• Heat the remaining 2 T. oil in a large skillet over med-high heat.  Add the mushrooms and let cook undistrubed until golden on the bottoms, about 4 minutes.  Add the garlic and thyme, stir, and continue to cook until the mushrooms are tender throughout, about 4 minutes longer.
  • Stir in the vinegar and let cook until the vinegar is mostly absorbed.  Season to taste with more salt and pepper.
  • Spoon the mushroom mixture over the arugula.  Top with a few curls of shaved Parmesan.  Serve at once.
Bon Appetit!

Thursday, August 18, 2011


There's not much in the garden these days that isn't brown and brittle, but there are still a few surprises to be found.

For one thing, my Texas Persimmon tree is actually looking better than usual.  A lot of the fruit is thumbnail sized and still growing, whereas it usually ripens and falls at pinky size.  Anybody know of a good way to use it?

My Mexican Oregano is still blooming profusely.  I just love multicolored blooms like these.
This Castor Bean plant that grew from dropped seed is now about waist-high, and sending up its first bloom.  Just look at those colors!
This marigold is a pop-up plant as well, and is doing much better than its nursery-bred mama ever did!

I adore contrast in my garden -- dark purple-black foliage against bright lime green; purple blooms and berries mixed with day-glo orange; this Black Pearl pepper plant is a gem!  Ha-ha-ha!  Pearl?  Gem?  Get it?  And that wasn't even intentional!

I even have a few succulents still, that the deer haven't uprooted.

It's not much, but it's better 'n nuthin'!

Wednesday, August 17, 2011


Woohoo!  August is more than halfway over!  I started to add "only six more weeks of sweltering!", but then decided I'd better not.  Don't wanna jinx the whole situation, 'cause with the way this summer has been going, there's just no tellin' when the "new" version of summer's-end might be!

Since it's been way too hot here this summer to spend any time out in the Cantina Garden, I've had plenty of time to stay inside where it's semi-cool (can't wait to see our next electric bill!), curled up with a good book.  I finally finished my pile of books about France, including Au Revoir by Mary Moody and My French Life by Vicki Archer, and have now immersed myself in The Dirty Life!  I'm really loving it, but it has definitely strengthened my conviction that I was not cut out for the farming life. (Rats and weasels and muck, oh my!)  The part where their new little cow got mauled by the neighbors pit bull just about did me in.  It's the story of New York journalist Kristin Kimball, who goes on assignment to interview a young, idealistic farmer who would prefer to live in a cashless society, then shucks it all to marry him.  Sound familiar?  In a way it reminds me of The Unlikely Lavender Queen, which I reviewed for you here, only this one has a lot less whining, and a lot more teamwork, which makes the characters a lot more, ahem, likable!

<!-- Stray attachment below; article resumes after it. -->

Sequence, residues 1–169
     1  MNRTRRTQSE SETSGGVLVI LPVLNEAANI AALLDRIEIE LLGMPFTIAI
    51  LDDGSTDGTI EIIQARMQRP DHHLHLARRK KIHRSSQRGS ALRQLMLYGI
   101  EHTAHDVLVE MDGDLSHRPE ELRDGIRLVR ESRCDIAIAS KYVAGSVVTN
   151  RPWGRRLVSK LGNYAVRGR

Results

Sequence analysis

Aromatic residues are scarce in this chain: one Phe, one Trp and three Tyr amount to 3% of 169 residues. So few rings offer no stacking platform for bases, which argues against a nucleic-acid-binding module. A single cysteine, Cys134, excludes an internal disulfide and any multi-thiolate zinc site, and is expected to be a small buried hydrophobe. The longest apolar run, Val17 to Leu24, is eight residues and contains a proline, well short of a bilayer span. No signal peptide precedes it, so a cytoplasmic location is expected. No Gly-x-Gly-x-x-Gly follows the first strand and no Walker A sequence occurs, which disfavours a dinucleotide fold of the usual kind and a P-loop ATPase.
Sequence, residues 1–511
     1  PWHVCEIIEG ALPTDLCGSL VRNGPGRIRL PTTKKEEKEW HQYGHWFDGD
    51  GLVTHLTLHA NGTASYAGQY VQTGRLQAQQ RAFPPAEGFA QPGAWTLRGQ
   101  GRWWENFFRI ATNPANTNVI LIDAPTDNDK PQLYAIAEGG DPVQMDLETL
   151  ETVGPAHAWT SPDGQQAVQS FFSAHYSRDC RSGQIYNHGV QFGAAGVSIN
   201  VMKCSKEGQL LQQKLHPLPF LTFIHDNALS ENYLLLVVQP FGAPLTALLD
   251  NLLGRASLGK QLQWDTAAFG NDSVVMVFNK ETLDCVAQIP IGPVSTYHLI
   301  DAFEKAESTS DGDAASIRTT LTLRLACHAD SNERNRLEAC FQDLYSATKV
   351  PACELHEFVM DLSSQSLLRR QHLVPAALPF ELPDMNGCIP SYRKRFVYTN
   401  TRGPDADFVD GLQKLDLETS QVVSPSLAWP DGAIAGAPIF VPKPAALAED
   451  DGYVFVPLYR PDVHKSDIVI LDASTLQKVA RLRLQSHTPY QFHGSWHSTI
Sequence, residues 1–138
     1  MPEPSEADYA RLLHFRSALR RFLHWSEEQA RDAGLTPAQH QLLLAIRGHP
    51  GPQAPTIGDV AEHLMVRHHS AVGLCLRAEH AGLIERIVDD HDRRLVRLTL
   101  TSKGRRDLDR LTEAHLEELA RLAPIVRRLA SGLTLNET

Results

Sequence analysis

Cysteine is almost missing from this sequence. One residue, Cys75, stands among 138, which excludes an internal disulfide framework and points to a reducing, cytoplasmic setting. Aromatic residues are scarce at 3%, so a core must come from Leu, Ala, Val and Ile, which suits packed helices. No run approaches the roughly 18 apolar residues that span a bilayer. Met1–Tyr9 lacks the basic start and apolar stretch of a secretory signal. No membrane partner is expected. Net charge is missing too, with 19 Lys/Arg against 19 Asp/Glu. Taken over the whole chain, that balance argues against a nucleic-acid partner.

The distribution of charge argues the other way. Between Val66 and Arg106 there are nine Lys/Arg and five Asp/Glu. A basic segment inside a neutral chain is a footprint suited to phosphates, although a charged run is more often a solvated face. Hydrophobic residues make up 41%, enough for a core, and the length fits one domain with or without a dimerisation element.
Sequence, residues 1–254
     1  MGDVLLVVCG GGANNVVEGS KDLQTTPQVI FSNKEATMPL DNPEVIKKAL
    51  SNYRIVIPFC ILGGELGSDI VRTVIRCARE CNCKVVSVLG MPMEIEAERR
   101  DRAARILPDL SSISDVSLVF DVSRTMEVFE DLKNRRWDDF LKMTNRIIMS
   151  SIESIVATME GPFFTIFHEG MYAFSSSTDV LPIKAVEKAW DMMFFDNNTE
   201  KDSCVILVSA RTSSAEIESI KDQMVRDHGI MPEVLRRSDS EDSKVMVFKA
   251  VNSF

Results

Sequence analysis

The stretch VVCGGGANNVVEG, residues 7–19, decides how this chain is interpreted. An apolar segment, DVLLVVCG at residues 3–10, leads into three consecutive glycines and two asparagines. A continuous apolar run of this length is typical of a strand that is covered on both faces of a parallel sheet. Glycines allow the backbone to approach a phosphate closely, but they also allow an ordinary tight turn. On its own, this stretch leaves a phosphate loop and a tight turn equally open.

Next up on my reading list are Ava's Man and All Over But The Shoutin', both by Rick Bragg, and then...well...I'm not sure.  I was kinda hopin' you could help me out there.  Now, from looking at my list here, you might think I read nothing but memoir, but that's not true at all.  I loves me a good juicy novel, and have even been known to wander into the Young Adult section now and again!  So tell me, what have you read recently, that you could hardly bear to put down?

Tuesday, August 16, 2011


Dang!  I can't believe I forgot to mention the one of a kind Christmas stockings that Mom made for each and every kid, kid's spouse and grandkid!  Each family unit got a velvet background in a color that went with their home's "decor", then she decorated each stocking with bits and pieces from her stash of antique lace, fringe, doilies, rick-rack, hankies, buttons, etc.  They're big, too, so they hold a lot!